5 Types of people who move abroad

5 Types of people who move abroad

Over the years, we’ve seen a lot of expats moving to South Korea and China, and by working with them, amongst others teachers, co-workers, acquaintances and friends, we’ve boiled it down to 5 types of people who generally move abroad.


The Wannabe

The Wannabe

1.The Culture Freak / The Wanna-bee

Kpop, hangul, Korean movies and slang… He’ll be able to tell you about it all. He’s the one who started studying Korean, before he even knew whether he would ever set foot on the Korea Peninsula , and he has seen every YouTube video about it.

Why teach abroad:

If you have a passion for the country, its cultures and traditions, why would you not go? You’ve seen it all already on the web, so you know all the reasons why you need to go. What are you waiting for?



The Traveler

2. The Traveler

The guy with the list – Not your average To-Do list: This list includes everything that haven’t been mentioned by Trip Advisor and more. This is the guy who would love to see the world and is able to live out of a suitcase. It’s the person who has friends all over the world and enjoy making new connections and trying new things. It is possible that he already knows people in Korea, or that he is interested in traveling to South East Asia.

Why teach abroad

With Japan, Thailand, and China so close, who wouldn’t want to go? This is the ultimate place to teach at, and still be able to visit South East Asia on a budget. You can live the adventure you’ve always dreamed about, you’ll see a different part of the world and you’ll be able to expand your horizons, and fill that passport of yours.



The University Student

The University Student

3. The University student

This is the person who just finished college. Excess money is a foreign concept, and the amount of debt is too much to even mention. He does not have  work experience in “The Real world”

Why teach abroad

Gaining international teaching experience will be an asset in your future career. This is a great way to set your foot in the door, and still get paid a pretty decent income. Korea is one of the higher paying Asian countries, and the cost of living is quite low. You’ll be able to save anything from $1 – $1000, depending on your spending habits. It is possible to save a lot, without living the lifestyle of a hermit.



The Opportunist

The Opportunist

4. The Opportunist

Gaining international experience – That’s the dream.  He is interested in building an international community of contacts and to enhance his resume with skills and abilities.

Why teach abroad

To work for multinational companies, will create a good career prospective. You’ll be able to expand your skill set and the ability to adapt to different workplaces. Korea will ensure that you are exposed to being flexible, developing communication skills on a different level and being adaptable to circumstances. The world will become your Teacher.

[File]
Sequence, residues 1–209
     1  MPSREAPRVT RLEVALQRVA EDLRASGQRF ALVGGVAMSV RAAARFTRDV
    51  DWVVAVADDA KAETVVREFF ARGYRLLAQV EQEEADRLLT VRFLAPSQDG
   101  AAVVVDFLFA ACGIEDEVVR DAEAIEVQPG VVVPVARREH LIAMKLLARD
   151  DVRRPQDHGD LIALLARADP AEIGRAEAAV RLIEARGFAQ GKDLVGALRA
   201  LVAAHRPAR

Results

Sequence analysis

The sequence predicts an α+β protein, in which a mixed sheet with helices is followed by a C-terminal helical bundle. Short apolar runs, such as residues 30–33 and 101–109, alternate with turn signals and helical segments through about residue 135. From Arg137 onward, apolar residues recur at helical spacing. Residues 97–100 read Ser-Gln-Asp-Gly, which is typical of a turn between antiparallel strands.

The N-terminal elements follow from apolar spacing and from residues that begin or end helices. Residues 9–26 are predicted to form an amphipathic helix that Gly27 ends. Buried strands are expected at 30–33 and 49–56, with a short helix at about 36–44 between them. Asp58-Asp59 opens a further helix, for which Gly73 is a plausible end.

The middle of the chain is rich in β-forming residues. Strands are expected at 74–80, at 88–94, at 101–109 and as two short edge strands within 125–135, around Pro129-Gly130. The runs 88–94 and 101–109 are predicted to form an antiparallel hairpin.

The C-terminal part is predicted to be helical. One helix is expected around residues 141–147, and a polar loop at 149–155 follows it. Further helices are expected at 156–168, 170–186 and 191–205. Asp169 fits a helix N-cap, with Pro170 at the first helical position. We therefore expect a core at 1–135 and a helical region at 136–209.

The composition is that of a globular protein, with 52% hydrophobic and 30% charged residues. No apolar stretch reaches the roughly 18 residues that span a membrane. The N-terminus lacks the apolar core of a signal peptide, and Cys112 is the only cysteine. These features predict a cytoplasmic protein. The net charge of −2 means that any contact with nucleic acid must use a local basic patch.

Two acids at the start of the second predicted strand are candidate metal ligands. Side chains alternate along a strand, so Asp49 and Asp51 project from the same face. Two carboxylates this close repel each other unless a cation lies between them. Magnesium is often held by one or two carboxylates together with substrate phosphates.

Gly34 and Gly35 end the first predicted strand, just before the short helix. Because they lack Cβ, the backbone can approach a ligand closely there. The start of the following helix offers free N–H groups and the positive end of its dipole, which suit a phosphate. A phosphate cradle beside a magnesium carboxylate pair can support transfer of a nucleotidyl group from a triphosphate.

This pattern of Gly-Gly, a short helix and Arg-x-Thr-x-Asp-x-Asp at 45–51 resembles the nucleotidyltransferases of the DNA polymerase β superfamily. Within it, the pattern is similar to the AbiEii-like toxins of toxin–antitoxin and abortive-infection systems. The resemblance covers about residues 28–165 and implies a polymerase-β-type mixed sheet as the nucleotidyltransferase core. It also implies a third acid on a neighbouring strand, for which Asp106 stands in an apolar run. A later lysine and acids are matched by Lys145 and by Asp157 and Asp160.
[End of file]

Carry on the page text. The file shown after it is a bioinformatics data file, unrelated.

The Runaway

The Runaway

5. The Runaway

He is the one who is unhappy with his life at home. He feels stagnant and might be in a dead-end job. There’s a lack of opportunities at home; It’s a location burnout.

Why teach abroad

By teaching abroad, you’ll be able to create a life for yourself in another country. You don’t need to carry your past with you; you can recreate yourself. Be whoever you’ve always wanted to be… That doesn’t mean that you’re allowed to change your name on your passport though…

You might find better career opportunities, than back home, but  ultimately, going abroad makes you more open minded and this might change your perspective of home in a year of two.


Most Popular posts of 2014

The Most Popular posts of 2014: It’s always hard to predict what the reader wants to know. These posts hit a common nerve and you were interested in reading this. Here are the Top 10 most popular posts of 2014 (so far), and we don’t plan to stop posting more of these any time soon… Did you miss any of them? Which one was your favorite?

10. Arriving in Korea

You’ve waited weeks for this moment, perhaps even months. You have landed at Incheon Airport, and you’ve been told how to get out of the airport (take a bus into Seoul, look for someone holding your name when you come out of baggage claim, etc). But you probably have no idea what comes next, right?

Here’s how to make your first weeks after arriving in Korea a little less stressful.


9. The ultimate checklist

It’s crunch time, and you’re preparing to actually GO ABROAD! It probably feels like everything is happening way too fast… and truth be told, it probably is. With that in mind, here’s the ultimate checklist to help ensure that you have everything covered…


8. Weird facts about North Korea

According to Kim Jong-Il’s biography, he was born under a double rainbow as a new star appeared. He  started to walk at 3 weeks old, and claimed to be able to control the weather by his moods. What are some other weird facts you’ve heard about North Korea?


7. Weird places in Korea

Yes, we know about all the must-do’s in Korea.. But how about the weird, the different, the unusual places in Korea…?


6. Useful websites in Korea

Are you new to Korea? Have you been here for a few years? Either way, we’ve found these useful websites in Korea to be super helpful in planning nights out, weekends away, or exotic trips out of the country.  We hope this list will assist you as you create memories overseas!


5. What I wish I knew before coming to Korea

What I knew of the world changed during my first few days, weeks, and months in Korea. I did my research, but there were a few things that I missed. This is what I wish I knew before arriving in Korea.


4. Living cost in Korea

So you’re coming to Korea, and you’ll be earning around 2.0 – 2.1m KRW (average starting salary for a 1st year teacher). You’re probably wondering what your living costs in South Korea will look like, right? How much can you save? How much can you send home to pay off student loans? How much will you have in your pocket to spend on traveling?


3. Returning home after being abroad

Reverse culture shock, according to Investopia:

“The shock suffered by some people when they return home after a number of years overseas. This can result in unexpected difficulty in readjusting to the culture and values of the home country, now that the previously familiar has become unfamiliar.”

You just returned from a place that is very different. The language, the customs, the way of living… and now you’re “home.” But if it’s “home,” then how come I feel so… out of place?